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The Great Fusion

The Great Fusion

 

Developer: Loading Home The title screen.The title screen.
Released: 2015.02.25
Genre: SciFi / Comedy
Graphics: Cartoon / 2D
Perspective: Third person
Gameplay: Point-and-Click



 

 

 

 

 

 

 


 

There are different kinds of science fiction stories. One, most recognisable group has spaceships, aliens, time travel, and all that cool stuff. Then there are other kind of science fiction stories which deal more with how the society is going to develop, and what kind of changes human every day life is going to go through. The Great Fusion doesn't have too much of anything from the first group, but is well established in the latter. The game is set in the year 2022, which is so near that most players are going to see that emerging with their own eyes.

The story goes something like this, all countries in the world went through The Great Fusion, which for all practical purposes left only one worldwide country to exist. The middle class disappeared, and 98 percent of people are poor, with a small elite group being the rich and wealthy that form the remaining 2 percent. Almost everything is state-controlled, and copyright crimes, such as possessing illegal software, are among the worst possible crimes. One day Max, the protagonist who is a software engineer and completely broke, ends up possessing a pirate copy of Pong, the first video game ever made (according to the game, at least).

The protagonist in his apartment building.The protagonist in his apartment building.
It is a quite bizarre story to begin with, and it gets weirder as the game proceeds further. The Great Fusion has this weird charm to it, telling an unusual story bundled together with strange kind of humour, much of which is clearly inspired by LucasArts. There are more references to LucasArts, Nintendo, and other games that one really cares to count. And that's all cool, it never hurts to tell the source of inspiration.

Another noteworthy feature of the game is its graphical style. Backgrounds are a bit like impressionist paintings, very much unlike any usual computer game background art. The story is told by comic book sequences where one would usually see cutscenes. The characters themselves are well drawn and animated cartoon characters, which would fit right into many games that are completely cartoon style. Surprising as it may be, the whole package actually works very well despite its many different, and partially conflicting graphical styles. It is great to see that some developers don't play safe, and dare to experiment with weird mishmashes and mismatches, and even pull it off so that it actually works!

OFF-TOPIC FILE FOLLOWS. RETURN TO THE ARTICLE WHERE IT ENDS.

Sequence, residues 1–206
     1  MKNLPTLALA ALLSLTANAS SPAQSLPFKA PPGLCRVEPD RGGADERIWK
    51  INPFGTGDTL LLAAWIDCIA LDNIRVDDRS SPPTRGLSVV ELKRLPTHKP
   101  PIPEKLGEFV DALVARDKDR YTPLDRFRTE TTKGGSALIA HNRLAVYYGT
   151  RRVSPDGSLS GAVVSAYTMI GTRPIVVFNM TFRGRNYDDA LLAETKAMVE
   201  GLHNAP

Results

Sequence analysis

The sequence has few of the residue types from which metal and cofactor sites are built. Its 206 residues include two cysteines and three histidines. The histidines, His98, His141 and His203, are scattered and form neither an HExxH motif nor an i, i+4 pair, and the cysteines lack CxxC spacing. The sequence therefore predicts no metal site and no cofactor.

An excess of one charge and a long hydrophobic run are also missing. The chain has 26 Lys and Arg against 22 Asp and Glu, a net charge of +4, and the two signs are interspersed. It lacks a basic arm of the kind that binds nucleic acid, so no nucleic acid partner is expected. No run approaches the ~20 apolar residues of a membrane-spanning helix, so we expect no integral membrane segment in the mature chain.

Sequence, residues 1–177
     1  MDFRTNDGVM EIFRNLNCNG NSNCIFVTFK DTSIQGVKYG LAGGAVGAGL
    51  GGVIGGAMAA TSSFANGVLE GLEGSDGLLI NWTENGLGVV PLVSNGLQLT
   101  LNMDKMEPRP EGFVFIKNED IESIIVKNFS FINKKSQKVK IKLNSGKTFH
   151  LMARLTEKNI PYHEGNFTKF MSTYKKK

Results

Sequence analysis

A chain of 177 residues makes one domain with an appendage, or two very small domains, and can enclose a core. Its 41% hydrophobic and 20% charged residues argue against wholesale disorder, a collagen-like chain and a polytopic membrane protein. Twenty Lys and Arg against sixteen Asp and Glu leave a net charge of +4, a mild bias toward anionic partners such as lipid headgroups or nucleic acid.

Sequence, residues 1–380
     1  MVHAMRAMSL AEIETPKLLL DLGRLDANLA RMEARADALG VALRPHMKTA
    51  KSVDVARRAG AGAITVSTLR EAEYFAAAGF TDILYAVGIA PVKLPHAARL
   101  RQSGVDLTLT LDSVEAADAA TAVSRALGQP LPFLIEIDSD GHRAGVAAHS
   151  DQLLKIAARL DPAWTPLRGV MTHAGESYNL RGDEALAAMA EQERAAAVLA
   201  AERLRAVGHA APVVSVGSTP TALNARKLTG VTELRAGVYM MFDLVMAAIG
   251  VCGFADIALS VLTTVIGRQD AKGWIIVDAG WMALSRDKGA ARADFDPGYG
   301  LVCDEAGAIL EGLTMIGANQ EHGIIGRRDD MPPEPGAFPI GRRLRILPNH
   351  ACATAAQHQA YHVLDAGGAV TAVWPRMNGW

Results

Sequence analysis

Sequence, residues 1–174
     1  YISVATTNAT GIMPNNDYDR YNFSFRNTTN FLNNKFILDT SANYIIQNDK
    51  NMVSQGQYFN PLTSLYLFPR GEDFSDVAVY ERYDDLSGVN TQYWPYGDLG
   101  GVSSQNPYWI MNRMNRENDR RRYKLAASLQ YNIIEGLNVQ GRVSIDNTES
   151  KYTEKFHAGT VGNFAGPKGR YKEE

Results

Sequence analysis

What really isn't as great is how the game itself works. It is a very, very traditional point-and-click game. This means that you need to be revisiting same locations to see if something has changed, and in order to trigger that change and make some object or function become available, talk X times to person A. Very classic indeed, not necessarily very classy anymore, but supposedly the developers are very fond of the classic adventure game formula. You can't die or get permanently stuck, so if the game is not going anywhere, revisiting all locations and talking with all characters should fix the problem. The game offers some hints here and there, but the problem is well presented in the tutorial part of the game: it instructs player to combine objects in the inventory, but doesn't mention which objects should be combined. So for less experienced players the game can present unintended difficulties simply because the way it is.

A justified breakup, if there ever was one!A justified breakup, if there ever was one!